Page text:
Say hello to BERT 🙂

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Transformer encoder segment

First: the architecture. Understanding BERT requires you to understand the Vanilla Transformer first, because BERT utilizes the encoder segment of the original Transformer as the architecture.

This segment looks as follows:

It has two subsegments:

  • The multi-head attention segment, which computes self-attention over the inputs, then adds back the residual and layer normalizes everything. The attention head can be split into multiple segments, hence the name multi-head.
    • The multi-head attention segment differentiates itself from the masked multi-head attention segment used by the GPT model and is why Devlin et al. (2018) propose BERT. It’s exactly the same, except for the mask. In other words, this is how bidirectionality is added to the self-attention mechanism.
  • The feedforward segment, which is applied to each individual input, after which the residual and layer normalization is performed once again.

BERT specifically comes in two flavors:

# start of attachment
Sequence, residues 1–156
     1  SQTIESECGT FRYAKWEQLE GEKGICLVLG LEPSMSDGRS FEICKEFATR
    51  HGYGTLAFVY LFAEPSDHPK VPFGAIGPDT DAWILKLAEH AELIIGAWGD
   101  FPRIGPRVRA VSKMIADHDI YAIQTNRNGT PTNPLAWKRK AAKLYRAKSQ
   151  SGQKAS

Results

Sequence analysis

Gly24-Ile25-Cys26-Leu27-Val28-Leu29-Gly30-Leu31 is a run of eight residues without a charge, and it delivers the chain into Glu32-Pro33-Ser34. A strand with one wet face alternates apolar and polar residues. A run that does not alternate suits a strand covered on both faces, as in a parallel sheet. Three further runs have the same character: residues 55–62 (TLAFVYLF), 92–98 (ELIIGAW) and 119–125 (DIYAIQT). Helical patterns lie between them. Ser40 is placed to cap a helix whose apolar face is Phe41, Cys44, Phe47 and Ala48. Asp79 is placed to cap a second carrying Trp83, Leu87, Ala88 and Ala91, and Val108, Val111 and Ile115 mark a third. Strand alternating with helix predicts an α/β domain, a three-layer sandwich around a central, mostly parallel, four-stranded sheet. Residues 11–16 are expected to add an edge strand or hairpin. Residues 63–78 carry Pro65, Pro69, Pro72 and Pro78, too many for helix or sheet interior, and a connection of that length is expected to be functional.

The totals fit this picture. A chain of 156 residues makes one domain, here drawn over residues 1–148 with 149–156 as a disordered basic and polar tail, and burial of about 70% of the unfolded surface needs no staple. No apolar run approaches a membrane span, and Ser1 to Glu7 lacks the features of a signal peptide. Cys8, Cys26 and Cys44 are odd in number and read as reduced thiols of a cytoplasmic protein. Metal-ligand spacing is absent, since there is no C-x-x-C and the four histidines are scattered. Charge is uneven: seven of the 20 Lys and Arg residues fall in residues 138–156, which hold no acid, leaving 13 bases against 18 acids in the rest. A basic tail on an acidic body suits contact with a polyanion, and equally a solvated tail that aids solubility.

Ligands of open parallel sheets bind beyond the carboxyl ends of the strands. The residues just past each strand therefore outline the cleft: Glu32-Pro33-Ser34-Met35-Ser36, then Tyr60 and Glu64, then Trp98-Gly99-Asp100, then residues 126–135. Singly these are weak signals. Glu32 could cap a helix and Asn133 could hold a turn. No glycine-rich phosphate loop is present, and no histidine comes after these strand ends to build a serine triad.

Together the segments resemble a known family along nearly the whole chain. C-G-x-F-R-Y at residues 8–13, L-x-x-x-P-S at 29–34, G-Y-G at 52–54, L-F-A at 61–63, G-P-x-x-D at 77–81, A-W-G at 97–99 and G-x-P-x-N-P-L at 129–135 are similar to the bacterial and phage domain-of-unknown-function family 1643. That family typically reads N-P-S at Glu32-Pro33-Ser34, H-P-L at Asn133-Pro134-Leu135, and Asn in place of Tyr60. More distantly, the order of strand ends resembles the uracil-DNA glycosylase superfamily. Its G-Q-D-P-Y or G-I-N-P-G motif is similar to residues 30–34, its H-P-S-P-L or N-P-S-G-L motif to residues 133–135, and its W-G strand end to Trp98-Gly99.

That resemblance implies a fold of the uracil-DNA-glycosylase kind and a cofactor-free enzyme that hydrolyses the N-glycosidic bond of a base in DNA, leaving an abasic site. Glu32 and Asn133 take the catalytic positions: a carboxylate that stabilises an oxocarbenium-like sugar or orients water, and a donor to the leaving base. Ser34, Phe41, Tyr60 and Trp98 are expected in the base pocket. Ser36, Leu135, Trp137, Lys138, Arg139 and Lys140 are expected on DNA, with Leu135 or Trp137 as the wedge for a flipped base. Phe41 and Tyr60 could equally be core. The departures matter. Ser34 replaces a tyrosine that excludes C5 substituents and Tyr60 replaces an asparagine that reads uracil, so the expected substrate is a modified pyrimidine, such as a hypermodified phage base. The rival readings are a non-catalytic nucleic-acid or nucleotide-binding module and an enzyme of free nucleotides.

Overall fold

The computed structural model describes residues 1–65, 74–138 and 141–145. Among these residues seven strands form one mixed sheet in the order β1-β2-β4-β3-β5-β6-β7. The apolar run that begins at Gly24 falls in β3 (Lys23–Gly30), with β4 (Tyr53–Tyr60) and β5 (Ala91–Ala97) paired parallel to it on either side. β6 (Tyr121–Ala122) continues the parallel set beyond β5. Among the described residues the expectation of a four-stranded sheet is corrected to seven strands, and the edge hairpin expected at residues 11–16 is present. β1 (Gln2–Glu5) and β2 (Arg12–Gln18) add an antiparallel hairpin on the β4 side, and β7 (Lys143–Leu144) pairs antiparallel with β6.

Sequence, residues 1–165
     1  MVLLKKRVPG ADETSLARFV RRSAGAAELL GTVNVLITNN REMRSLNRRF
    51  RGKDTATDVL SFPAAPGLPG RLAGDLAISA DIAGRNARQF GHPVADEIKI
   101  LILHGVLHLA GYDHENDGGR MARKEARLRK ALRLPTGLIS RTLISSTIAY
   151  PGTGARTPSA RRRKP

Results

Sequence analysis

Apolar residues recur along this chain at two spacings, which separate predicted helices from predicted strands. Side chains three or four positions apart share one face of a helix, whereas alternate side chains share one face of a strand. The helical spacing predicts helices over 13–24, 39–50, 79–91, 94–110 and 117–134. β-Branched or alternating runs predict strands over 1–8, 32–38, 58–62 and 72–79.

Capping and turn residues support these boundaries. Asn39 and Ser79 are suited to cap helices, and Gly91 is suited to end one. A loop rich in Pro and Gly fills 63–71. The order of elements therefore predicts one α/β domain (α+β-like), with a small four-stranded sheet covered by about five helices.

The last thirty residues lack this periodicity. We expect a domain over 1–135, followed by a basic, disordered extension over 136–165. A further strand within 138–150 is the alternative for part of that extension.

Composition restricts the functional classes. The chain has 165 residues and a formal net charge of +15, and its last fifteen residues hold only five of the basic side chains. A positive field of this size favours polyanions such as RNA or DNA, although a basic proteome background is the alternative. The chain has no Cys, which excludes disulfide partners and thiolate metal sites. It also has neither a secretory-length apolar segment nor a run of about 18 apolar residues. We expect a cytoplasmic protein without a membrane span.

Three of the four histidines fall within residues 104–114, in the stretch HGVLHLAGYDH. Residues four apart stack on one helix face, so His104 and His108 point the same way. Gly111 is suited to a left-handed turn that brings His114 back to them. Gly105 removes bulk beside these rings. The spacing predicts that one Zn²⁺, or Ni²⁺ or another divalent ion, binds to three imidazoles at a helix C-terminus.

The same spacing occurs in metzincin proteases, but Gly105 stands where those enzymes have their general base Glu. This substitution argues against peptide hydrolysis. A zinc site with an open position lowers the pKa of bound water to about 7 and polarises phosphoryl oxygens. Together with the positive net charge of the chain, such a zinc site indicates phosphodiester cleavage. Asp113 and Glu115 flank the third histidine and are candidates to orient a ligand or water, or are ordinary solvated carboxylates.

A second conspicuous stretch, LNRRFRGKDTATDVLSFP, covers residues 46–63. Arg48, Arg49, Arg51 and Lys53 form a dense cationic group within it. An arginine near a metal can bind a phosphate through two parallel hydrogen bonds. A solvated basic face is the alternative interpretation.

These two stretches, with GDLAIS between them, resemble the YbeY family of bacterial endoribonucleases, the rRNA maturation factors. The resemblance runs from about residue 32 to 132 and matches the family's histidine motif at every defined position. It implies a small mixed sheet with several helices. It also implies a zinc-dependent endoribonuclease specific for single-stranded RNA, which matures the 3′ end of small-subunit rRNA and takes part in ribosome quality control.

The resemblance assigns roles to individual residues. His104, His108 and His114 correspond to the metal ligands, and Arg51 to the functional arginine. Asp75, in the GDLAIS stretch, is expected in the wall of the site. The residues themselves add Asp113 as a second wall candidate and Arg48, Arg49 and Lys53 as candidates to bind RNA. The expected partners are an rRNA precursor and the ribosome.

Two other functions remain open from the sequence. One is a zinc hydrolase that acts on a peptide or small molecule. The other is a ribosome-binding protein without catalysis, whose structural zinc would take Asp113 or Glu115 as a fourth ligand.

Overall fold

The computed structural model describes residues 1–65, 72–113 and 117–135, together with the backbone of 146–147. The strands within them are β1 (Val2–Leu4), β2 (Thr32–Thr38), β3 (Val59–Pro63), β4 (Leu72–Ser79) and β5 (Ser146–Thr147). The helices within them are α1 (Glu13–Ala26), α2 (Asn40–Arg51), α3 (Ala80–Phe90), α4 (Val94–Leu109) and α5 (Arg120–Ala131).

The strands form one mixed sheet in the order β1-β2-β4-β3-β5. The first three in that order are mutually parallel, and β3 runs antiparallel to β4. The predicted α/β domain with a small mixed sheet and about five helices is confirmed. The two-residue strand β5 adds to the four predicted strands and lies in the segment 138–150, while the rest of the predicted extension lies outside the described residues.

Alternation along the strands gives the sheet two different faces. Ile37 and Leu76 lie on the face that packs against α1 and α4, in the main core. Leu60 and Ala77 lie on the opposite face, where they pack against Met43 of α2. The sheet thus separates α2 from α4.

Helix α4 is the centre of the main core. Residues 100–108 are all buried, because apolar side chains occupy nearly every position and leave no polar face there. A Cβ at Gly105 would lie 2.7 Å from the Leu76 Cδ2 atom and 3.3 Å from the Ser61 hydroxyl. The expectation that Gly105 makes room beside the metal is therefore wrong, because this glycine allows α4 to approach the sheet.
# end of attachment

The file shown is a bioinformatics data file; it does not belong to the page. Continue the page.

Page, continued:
• BERT base (\(\text{BERT}_\text{BASE}\)), which has 12 Encoder Segments stacked on top of each other, has 768-dimensional intermediate state, and utilizes 12 attention heads (with hence 768/12 = 64-dimensional attention heads).
  • BERT large (\(\text{BERT}_\text{LARGE}\)), which has 24 Encoder Segments, 1024-dimensional intermediate state, and 16 attention heads (64-dimensional attention heads again).

The models are huge: the BERT base model has 110 million trainable parameters; the BERT large model has 340 million (Devlin et al., 2018). In comparison, classic vanilla ConvNets have hundreds of thousands to a few million. Training them hence requires a lot of resources: in the case of GPT, it’s not strange to find that they have to be pretrained for a month using massive machinery, whereas fine-tuning is more cost efficient.

Speaking about training, let’s now take a look at how BERT is actually trained.

Data flow through a BERT model: from inputs to outputs

Pretraining a language model like BERT allows us to take a look at two things: the task that is used during pretraining, as well as the datasets used for pretraining.

With respect to the task, we must actually say tasks: during pretraining of BERT, the model is trained for a combination of two tasks. The first task is a Masked Language Model (MLM) task and the second one is a Next Sentence Prediction (NSP) task.

We’ll cover the tasks themselves later. If we want to understand them, we must first take a look at what the input to BERT looks like. Put simply: each input to a BERT mode is either a whole sentence or two sentences packed together. All the words are tokenized and (through BERT) converted into a word embedding.

Visually, this input looks as follows. Below the image, we’ll cover each component in plain English.

The bottom row represents an array with a variety of tokens. These tokens are separated into four elements: